Wednesday, March 15, 2006

Hollywood and Animals.

In many movies you see the stereotypical family with a dog, or a cat. In most Disney films there will be a singing animal, singing its troubles away. But animals deserve so much more than just to be in the background, so today, I will take a look at animals in film.

In Howard Hawk’s delightful comedy, Bringing Up Baby, Baby is a leopard with a penchant for escaping, and in his misdemeanours and scatterbrained Katie Hepburn and uptight Cary Grant’s attempt to find him, they are drawn closer together. Nyssa the leopard is great, and very cute, even when fierce, and their romance, though fitting, owes a lot to her/him.

Another animal that brought love, although of a different kind, was Kes, the kestrel in Kes. Billy Casper, an under performing schoolboy with a neglectful mother and violent brother, is seemingly beyond redemption. That is, until, he finds an injured kestrel, and starts caring for him. Soon, Kes proves to be the embodiment of everything that Bill never had – love, friendship, and hope. That their beautiful friendship is hard lived is heartbreaking, but his impact on Billy is easy to see.

Heartbreak comes in another film, arguably Disney’s most mature piece of cinema, The Lion King. There are messages aplenty abound, about people’s roles in life, and being grateful for what you have, and they are presented beautifully with lions. Here, Simba is a na├»ve, ambitious cub, bowled over by the apparent joys of being a king. However, it’s not all gravy as he discovers, with uncle Scar murdering his own father, making it Simba’s job to get justice. The voice actors for this film are amazing, as are the songs, namely Elton John’s “Can you feel the love tonight.”

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Under the ground, and under the water, is my favourite animated film of all time, the delightful Finding Nemo. It’s a very cute cartoon, but it’s also deftly written, with some smart anthropomorphism using fish – Marlin is the good but over-protective father, Nemo is the excited child, desperate to prove their strength in the world. That Nemo finds that he was wrong is one thing, but in Marlin’s quest to find his son, he discovers that, perhaps, his fussiness was not entirely right either. The witty one-liners and exciting pace make this piece appeal to adults, the message that children can be adults too bode particularly well with kids.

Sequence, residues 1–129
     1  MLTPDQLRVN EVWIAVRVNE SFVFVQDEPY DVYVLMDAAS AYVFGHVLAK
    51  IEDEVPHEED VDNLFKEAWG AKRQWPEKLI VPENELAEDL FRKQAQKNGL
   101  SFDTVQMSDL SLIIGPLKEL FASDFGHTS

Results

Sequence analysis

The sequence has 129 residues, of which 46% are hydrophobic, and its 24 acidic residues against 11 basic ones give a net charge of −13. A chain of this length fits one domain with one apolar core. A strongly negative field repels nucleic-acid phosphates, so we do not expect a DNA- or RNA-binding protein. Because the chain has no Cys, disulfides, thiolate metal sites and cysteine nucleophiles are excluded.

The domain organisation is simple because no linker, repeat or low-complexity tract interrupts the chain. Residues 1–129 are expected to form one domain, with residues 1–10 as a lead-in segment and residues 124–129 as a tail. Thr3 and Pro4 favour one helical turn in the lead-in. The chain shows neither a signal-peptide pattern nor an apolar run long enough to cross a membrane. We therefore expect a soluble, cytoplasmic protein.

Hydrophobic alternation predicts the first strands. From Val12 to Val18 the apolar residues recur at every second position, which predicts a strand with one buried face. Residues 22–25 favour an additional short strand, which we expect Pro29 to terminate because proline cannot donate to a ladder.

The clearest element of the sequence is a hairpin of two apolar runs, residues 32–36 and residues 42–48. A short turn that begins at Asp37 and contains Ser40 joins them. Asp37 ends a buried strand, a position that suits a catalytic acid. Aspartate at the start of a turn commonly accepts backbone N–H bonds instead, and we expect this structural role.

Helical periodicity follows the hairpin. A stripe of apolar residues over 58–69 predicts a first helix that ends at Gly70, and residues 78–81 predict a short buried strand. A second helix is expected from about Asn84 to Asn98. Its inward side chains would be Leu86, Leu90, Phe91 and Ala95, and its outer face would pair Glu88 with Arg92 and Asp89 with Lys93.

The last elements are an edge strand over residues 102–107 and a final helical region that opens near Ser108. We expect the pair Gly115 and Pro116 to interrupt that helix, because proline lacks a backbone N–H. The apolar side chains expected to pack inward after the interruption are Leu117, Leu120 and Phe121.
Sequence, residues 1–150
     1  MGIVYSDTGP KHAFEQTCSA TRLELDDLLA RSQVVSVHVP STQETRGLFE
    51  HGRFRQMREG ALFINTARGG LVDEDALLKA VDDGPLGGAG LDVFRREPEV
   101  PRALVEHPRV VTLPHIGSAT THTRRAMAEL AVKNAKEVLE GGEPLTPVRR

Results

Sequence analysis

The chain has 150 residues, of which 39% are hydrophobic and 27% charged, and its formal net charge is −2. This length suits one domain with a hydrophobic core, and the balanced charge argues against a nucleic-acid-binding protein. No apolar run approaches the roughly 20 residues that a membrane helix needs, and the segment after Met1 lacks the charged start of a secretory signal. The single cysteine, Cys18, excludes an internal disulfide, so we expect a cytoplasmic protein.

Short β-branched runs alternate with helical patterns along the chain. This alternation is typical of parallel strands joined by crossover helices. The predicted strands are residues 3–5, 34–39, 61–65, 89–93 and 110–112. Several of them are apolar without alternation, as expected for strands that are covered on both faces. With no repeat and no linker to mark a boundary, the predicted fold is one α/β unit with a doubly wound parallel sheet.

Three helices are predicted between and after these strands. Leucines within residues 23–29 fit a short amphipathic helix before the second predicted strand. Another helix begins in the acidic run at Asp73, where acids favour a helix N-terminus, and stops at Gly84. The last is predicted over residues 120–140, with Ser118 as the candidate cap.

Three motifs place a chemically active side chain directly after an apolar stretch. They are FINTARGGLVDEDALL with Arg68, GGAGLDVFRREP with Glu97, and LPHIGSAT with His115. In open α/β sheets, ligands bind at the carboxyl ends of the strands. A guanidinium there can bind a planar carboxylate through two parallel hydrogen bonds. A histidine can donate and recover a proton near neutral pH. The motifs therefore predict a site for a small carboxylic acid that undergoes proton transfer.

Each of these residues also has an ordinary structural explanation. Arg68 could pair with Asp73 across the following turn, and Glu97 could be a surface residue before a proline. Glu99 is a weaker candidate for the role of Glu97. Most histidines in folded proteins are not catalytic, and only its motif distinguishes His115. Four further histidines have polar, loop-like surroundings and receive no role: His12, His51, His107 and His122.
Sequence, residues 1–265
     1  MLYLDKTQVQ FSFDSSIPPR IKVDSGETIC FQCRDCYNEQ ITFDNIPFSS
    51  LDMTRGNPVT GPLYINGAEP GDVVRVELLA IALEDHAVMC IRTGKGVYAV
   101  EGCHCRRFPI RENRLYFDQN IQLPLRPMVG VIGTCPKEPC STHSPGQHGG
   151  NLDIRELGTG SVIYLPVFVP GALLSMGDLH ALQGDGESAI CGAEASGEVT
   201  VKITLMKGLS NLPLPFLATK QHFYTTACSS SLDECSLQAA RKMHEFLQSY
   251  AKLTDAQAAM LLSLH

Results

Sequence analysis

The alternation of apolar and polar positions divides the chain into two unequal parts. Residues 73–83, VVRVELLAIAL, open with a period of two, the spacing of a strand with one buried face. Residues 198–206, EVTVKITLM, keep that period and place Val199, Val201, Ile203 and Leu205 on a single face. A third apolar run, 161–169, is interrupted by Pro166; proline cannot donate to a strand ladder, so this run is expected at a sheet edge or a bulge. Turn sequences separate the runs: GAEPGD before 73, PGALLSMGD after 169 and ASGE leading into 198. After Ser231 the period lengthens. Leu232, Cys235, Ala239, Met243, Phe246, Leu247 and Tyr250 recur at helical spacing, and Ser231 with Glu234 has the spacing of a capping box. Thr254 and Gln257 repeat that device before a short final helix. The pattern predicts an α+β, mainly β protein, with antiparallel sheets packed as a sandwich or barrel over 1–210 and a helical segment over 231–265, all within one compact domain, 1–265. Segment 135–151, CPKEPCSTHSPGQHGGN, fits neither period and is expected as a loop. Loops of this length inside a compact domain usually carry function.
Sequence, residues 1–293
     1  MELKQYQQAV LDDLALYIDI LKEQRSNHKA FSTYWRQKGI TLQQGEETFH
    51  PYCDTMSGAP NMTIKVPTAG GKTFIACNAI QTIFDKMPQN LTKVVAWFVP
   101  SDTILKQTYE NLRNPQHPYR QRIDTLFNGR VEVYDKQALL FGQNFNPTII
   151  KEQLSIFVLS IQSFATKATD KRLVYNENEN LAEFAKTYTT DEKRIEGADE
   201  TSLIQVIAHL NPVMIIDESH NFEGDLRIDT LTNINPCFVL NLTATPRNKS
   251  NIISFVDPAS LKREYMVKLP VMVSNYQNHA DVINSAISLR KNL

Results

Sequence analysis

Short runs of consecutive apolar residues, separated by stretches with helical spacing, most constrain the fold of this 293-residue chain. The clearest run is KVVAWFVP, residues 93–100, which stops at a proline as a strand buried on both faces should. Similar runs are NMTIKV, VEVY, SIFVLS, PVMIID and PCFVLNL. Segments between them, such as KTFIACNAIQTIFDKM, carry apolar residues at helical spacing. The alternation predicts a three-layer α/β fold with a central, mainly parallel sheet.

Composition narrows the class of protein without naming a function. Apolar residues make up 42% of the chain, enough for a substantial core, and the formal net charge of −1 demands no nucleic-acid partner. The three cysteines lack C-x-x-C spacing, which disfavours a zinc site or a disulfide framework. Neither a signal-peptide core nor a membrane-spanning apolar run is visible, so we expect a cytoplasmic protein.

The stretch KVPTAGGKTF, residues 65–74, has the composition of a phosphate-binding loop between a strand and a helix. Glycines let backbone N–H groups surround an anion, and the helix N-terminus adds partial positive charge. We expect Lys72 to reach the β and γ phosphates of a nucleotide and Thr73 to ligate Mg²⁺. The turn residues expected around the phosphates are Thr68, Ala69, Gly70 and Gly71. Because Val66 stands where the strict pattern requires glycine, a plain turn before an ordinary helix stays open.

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To look at dogs, I was torn between writing about My Dog Skip – a slight but wonderfully played look at how one dog made such an impact on a young boy’s life, and Wallace and Gromit: Curse of the Were Rabbit, a hilarious Ardman animation with one of the smartest dogs I’ve ever met. So honours will be bestowed to both movies.

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Disney will undoubtedly bring us more tales of creatures and their features, live action films will use a dog and a cat now and then as a device to help the comedy along. But, as I say, they deserve better, and these 6 films I have mentioned are some great examples of when an animal gets a starring role they deserve.



Just dropping in to say hello

Jay said...

This is one of those situations where you do all hard work yourself, and we're left with not much to do but agree. Nice piece of writing! I thought you'd talk about All the Little Animals, but I understand its non-inclusion. Anyway...

My Dog Skip was the one to instantly spring to my mind the moment I saw this entry's heading. As you know, not many films have moved me to the point of tears (perhaps five, but that's it), but this was one of them... not just because it's a heartbreaking film in itself, but since a lot of it has reminded me of my favourite film; one scene where I immediately drew a parallel between both movies was the heart-rending one where the protagonist had to leave everything behind and start a whole new life. In My Dog Skip's case, it was the sadness in the cute little animal's eyes what filled me with a sense of despair - he knew he was being left behind.

Now, I'm not sure whether this one qualifies, but it'll have to do. Ladyhawke. A beautiful romantic fantasy where the actors who play the lovers are no more than a few minutes together on screen, after an evil bishop has cast a spell on their characters, turning the woman into a hawk by day and the man into a wolf by night. That the actors in question (Rutger H and Michelle P) manage to show true love and genuine affection for an animal that is there to stand for their loved one is a true testament to their acting skills.


Oh btw, for the next Oscar awards, please do 2004. There are just way too many good movies that year.

Anonymous said...

If insects were eligble, I'd have included A Bug's Life.

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Disney cartoons are the best in the world. A lot of people try to make cartoons, and some of them are really great, but only Disney can make any cartoon great and interesting for kids.